The idea that many of biggest business deals are done on the golf course may be a cliché, but that doesn’t mean it’s not still true. Yes, even in 2016.
And while our society is slowly chipping away at many of the behaviors that make working women feel excluded, the continuing importance of work-related golf outings appears to be one that’s still flying under the radar.
Here’s what some members of our site Fairygodboss, where women can share their work experiences, have to say about golf and the workplace:
“Men advance a lot further than women and get special treatment, especially if you’re into what the “boss” is into, like golf or drinking.” — a healthcare executive
“You better know how to play golf, but then, you won’t get invited to play.” — a finance executive
“A senior employee may invite a young man to play golf at a local charity event, but would not extend this opportunity to a young lady” — a packaged goods executive
At times in my own professional experience, I have felt alienated both personally and professionally by the continuing importance of golf in business.
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In fairness, golf is a salesperson’s dream come true. Compared to the typical stiff thirty-minute sales meeting, a golf outing with a client is an extraordinary opportunity to build rapport. “Think of it as a six-hour sales call,” Bill Storer, president of Business Golf Strategies, told Golf.com. And he’s right. In what other situation would you ever get to spend such a long amount of time in an fun and relaxed situation with your client or prospect?
Better still, an invitation to play golf on a good course is something that many clients who are golf aficionados just can’t refuse. It’s much easier to land a meeting with a key prospect than offering the boring standard in-office sales call.
But while golf can be a fantastic tool for salespeople, it’s one that’s rarely available to women.
In business school, in addition to studying finance, accounting, and strategy, I diligently took golf lessons. And while I’m no Jordan Spieth, I’ve had enough experience to handle myself on a golf course. I’ve even played Pinehurst No. 2! But in all my years of sales—even as my male peers spent day after day on the course with key clients—I never received a single invitation. Nor did I ever extend one.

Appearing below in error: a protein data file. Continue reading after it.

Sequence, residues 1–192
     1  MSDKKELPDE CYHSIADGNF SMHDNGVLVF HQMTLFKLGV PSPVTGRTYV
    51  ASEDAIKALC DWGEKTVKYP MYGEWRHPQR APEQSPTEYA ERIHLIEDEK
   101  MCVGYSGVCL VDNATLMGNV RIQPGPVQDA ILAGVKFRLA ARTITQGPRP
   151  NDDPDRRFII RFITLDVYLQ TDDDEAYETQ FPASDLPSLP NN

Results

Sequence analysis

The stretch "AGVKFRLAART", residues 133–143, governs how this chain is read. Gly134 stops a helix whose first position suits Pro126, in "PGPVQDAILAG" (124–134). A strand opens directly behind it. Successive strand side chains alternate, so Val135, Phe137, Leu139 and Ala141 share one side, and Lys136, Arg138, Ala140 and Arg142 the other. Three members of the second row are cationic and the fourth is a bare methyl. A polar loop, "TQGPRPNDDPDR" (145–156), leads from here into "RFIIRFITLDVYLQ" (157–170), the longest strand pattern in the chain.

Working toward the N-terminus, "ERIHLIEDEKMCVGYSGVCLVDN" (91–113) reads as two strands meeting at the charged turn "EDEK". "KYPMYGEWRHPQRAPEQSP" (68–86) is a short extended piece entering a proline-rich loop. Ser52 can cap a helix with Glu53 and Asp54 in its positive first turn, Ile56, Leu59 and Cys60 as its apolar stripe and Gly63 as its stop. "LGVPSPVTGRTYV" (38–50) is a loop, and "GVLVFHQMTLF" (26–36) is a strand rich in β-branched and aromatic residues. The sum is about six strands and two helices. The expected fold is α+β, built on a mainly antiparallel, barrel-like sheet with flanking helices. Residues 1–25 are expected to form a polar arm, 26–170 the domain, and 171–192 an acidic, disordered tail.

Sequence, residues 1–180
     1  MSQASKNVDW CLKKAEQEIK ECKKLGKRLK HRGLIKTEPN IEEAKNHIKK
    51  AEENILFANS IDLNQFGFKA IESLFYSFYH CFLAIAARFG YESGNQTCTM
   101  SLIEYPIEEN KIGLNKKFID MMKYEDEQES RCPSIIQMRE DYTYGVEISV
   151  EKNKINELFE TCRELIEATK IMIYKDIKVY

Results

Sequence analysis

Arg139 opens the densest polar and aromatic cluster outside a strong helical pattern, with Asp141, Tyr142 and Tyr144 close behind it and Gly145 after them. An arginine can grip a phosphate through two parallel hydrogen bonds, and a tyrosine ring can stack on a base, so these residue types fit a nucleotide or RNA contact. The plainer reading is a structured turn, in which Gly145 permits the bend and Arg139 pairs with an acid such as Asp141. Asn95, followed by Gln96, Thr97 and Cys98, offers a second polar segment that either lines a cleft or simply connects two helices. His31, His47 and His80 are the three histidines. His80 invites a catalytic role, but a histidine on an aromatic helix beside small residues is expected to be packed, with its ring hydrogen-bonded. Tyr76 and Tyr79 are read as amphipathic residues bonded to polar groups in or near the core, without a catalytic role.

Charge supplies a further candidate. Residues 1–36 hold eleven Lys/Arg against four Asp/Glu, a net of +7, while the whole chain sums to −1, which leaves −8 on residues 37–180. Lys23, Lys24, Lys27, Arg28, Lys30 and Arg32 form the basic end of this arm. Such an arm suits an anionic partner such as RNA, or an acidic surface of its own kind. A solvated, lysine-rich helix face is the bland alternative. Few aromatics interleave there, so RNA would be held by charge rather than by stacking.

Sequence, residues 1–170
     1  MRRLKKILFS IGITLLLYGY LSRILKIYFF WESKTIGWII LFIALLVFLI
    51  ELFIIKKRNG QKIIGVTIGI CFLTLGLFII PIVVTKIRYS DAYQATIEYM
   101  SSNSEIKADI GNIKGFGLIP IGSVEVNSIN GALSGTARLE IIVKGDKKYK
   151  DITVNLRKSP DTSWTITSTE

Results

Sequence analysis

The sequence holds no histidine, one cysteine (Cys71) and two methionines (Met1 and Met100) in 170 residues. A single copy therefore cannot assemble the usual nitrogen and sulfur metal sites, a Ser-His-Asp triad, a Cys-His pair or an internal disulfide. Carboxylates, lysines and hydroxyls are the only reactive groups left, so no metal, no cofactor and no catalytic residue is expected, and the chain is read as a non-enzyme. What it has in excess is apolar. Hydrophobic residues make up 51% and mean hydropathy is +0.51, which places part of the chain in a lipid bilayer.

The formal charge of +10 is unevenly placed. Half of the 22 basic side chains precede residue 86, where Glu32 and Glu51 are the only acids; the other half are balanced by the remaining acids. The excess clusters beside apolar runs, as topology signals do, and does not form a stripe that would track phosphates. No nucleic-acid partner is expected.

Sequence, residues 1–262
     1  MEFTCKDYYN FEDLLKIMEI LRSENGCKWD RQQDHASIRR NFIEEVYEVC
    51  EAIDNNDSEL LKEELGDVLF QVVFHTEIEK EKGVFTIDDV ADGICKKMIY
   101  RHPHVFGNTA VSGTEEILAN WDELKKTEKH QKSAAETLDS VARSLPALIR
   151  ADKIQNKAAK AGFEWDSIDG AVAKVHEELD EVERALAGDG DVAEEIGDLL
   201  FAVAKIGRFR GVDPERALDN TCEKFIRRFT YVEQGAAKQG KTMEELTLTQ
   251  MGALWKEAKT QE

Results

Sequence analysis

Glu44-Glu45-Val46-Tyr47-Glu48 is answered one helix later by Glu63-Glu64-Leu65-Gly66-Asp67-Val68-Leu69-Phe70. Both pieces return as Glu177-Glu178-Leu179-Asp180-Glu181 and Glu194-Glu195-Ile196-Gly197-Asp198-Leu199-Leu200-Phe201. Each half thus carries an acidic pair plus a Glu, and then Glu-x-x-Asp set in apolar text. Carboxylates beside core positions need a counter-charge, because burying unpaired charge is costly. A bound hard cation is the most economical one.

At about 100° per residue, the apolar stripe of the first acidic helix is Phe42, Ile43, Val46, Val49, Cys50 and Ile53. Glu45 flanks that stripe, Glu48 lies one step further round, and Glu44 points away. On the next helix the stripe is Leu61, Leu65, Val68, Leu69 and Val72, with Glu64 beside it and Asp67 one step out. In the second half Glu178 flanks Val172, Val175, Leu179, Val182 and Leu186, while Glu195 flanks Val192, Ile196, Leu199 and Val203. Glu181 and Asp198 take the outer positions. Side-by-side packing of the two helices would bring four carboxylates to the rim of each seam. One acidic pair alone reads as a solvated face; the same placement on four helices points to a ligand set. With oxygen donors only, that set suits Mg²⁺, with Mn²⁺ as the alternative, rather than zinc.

Why? Golf is still predominantly an activity for men to engage in with other men. Not because women can’t play, and not because they don’t have access, but because the male clients want to golf with other men. Golf is one of the few pockets of the business world where men feel that they can defensibly exclude women. The unspoken implication, of course, is that the outing would simply be less fun with women present.
In my own experience, when it was clear that golf was the way to a client’s heart, a man always took the lead. That means a female salesperson would get excluded from conversations with key clients. Even in client meetings where the chatter turned to golf, I suddenly became invisible.
The prevalence of golf in the workplace in 2016 is surprising. In many ways, it’s a last vestige of boys-only clubs and three-martini lunches. For companies, it’s expensive both in the cash outlay and in the lost time away from the office. And it’s not just women who are left out in the cold by our continuing reliance on the sport; I’ve also seen golf used as a way to exclude other men who were not “in the club” in a terribly junior high school way.
I believe it’s time to ask ourselves: Is there still a place for golf in business? I’d like to ask the business community—salespeople and clients alike—to think twice the next time you select your foursome and consider a more inclusive activity. Personally, I’m a fan of Karaoke.
Romy Newman is co-founder of Fairygodboss, a job and career community for women. Have you ever felt excluded at work because of golf or similar activities? If so, consider sharing your advice and opinions with other women in the Fairygodboss community.